Thursday, 20 December 2012

Specifying a Sandwich

Would this sandwich meet the brief?
With NBS Create you can specify building fabric, the landscape, minor civils, mechanical and electrical engineering - but the big question is... can you specify a sandwich?

Well surprisingly NBS does not have template specification clauses or detailed technical guidance for sandwich specification. But considering something as simple as a sandwich illustrates some interesting specification principles. Also, if something as simple as a sandwich is quite involved and makes you think - then imagine specifying a curtain wall or air conditioning system?

So - consider a sandwich... (and if you could avoid the pun - please take this with a pinch of salt*)

Figure 1 below shows that the brief for the sandwich has been brought through digitally to help the specifier. An excellent specification template set of clause items exists that allows the specifier to select different structures of sandwich. Is this an open top, a standard two slice or even a double decker sandwich? The "Middle layer" is being removed in the example below as the brief clearly states that this is a standard sandwich.
Fig 1 - Viewing the brief and determining the basic structure of the sandwich
Figure 2 below shows that the specification system has suggested "products" to construct the sandwich from. The specifier is selecting wholemeal bread over the less healthy white or more boring brown bread alternative. The property sets within the "system outline" clause have a hierarchy - it can be seen that the wholemeal bread is part of the base layer.
Fig. 2 Selecting the products
Within each product option the user may not simply want one product. Sandwiches would be pretty bland if you could only have one filling. In Figure 3 below the specifier is selecting not one, not two - but in fact three fillings. Cheese, ham and tomato.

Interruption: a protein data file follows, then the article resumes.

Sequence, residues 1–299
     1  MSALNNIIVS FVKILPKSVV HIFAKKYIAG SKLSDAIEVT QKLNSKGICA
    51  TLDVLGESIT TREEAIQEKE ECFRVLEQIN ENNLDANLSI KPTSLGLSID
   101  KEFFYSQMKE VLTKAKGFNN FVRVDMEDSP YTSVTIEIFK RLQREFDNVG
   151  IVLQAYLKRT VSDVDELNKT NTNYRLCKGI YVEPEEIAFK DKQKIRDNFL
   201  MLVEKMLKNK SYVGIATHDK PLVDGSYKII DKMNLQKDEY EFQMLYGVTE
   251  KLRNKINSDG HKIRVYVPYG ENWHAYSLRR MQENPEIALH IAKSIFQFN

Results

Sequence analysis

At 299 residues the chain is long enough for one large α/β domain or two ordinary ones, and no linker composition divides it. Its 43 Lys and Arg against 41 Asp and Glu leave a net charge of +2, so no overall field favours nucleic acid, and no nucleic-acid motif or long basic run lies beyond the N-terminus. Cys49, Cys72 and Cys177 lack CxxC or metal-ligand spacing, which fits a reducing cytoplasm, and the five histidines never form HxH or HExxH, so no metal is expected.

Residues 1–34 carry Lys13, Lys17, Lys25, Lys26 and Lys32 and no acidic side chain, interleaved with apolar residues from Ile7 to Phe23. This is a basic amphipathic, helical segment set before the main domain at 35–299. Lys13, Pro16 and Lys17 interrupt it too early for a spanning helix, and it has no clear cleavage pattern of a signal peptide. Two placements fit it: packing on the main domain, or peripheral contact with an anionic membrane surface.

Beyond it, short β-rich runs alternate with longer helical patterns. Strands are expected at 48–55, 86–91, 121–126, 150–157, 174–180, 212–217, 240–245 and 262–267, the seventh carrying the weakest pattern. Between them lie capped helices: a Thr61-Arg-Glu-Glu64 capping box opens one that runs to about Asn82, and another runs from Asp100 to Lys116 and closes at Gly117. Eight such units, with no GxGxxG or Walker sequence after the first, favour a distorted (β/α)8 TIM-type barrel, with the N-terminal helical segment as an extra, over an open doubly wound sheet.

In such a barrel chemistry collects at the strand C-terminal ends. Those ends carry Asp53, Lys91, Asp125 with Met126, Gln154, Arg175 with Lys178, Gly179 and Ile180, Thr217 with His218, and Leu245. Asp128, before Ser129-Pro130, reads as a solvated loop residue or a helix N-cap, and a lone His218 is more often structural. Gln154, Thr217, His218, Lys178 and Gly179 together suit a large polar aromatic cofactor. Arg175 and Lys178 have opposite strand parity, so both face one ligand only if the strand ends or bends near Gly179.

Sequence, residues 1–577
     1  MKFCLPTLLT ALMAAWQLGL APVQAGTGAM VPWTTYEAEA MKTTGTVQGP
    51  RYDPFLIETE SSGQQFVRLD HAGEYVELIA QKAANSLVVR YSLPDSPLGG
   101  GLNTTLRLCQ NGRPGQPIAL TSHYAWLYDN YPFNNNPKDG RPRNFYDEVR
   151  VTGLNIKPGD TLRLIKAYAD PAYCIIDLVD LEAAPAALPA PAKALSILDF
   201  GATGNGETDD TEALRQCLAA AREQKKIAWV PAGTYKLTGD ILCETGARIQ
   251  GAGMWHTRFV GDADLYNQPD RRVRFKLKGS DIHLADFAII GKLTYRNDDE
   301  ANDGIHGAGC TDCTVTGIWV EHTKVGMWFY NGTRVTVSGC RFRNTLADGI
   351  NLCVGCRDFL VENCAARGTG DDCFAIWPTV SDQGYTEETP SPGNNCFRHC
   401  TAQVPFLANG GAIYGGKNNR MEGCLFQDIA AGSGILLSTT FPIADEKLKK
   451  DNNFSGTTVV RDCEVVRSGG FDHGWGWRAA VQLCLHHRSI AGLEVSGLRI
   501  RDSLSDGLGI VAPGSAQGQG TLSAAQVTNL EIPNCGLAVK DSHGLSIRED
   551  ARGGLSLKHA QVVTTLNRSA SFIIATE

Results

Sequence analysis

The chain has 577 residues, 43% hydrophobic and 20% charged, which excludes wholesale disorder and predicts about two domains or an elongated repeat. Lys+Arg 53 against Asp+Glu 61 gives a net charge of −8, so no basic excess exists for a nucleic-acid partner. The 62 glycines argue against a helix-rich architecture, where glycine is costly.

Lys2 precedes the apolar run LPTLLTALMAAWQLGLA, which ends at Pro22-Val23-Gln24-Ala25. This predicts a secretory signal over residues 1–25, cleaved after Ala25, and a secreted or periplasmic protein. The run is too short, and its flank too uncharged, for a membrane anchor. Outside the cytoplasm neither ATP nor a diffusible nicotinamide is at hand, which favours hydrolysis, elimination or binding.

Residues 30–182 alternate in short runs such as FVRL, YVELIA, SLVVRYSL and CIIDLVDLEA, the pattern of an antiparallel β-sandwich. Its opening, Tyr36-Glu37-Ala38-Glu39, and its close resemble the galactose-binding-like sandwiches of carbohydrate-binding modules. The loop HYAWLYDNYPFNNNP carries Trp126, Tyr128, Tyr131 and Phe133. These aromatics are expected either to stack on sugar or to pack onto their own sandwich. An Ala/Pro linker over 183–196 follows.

As each selection is made, then the corresponding product clause is brought into the specification. This check box/additive way of working means that clauses that are not required (say a clause specifying a slice of beef) are not accidentally left in the specification by mistake.
Fig 3 - Add multiple fillings
By this stage we now have an outline specification for the sandwich (as shown in Figure 4). Not enough to go to tender with if real quality is going to be achieved. But enough information to give a good indication of what the intent is an early stage. Each of the individual "products" have their own clauses that allow further detail to be added.
Fig 4 - The system outline is complete
Two methods of specifying products are shown in Figure 5. For the butter, the specifier is not fussed on the brand of butter - just some of the important properties. However, for the bread the specifier would like a specific manufacturer (Hovis) and also specifies some variations within that brand.
Fig 5 - generic vs proprietary specification of products
And of course, putting a sandwich together is a skill. Too much butter and you ruin it. Not enough and it's going to be pretty dry. So the specification goes down one more level so that the execution can be clearly stated (shown in figure 6). Notice that the relationship between the butter product clause and the butter execution clause exists.
Fig 6 - Specify the workmanship
I think the analogy can stop there. But you could go further and specify the overall performance of the of the sandwich (tastiness, overall crunchiness, expected life…) or how to complete the sandwich (put the sticker on) or whether samples and spares were required etc…

This sandwich definitely doesn't
meet the brief.
Also, how is each item classified so the café owner knows how many slices of ham they have sold each year and how this compares with the ham sold in their sister-café. A big well-structured spreadsheet/database could hold this data and the café owner could filter by the classification pick-list.

Maybe the big spreadsheet/database could be called SOBie - Sandwich Operation and Building Information Exchange format?

[* Apologies for the terrible attempts at humour - but it is nearly Xmas]

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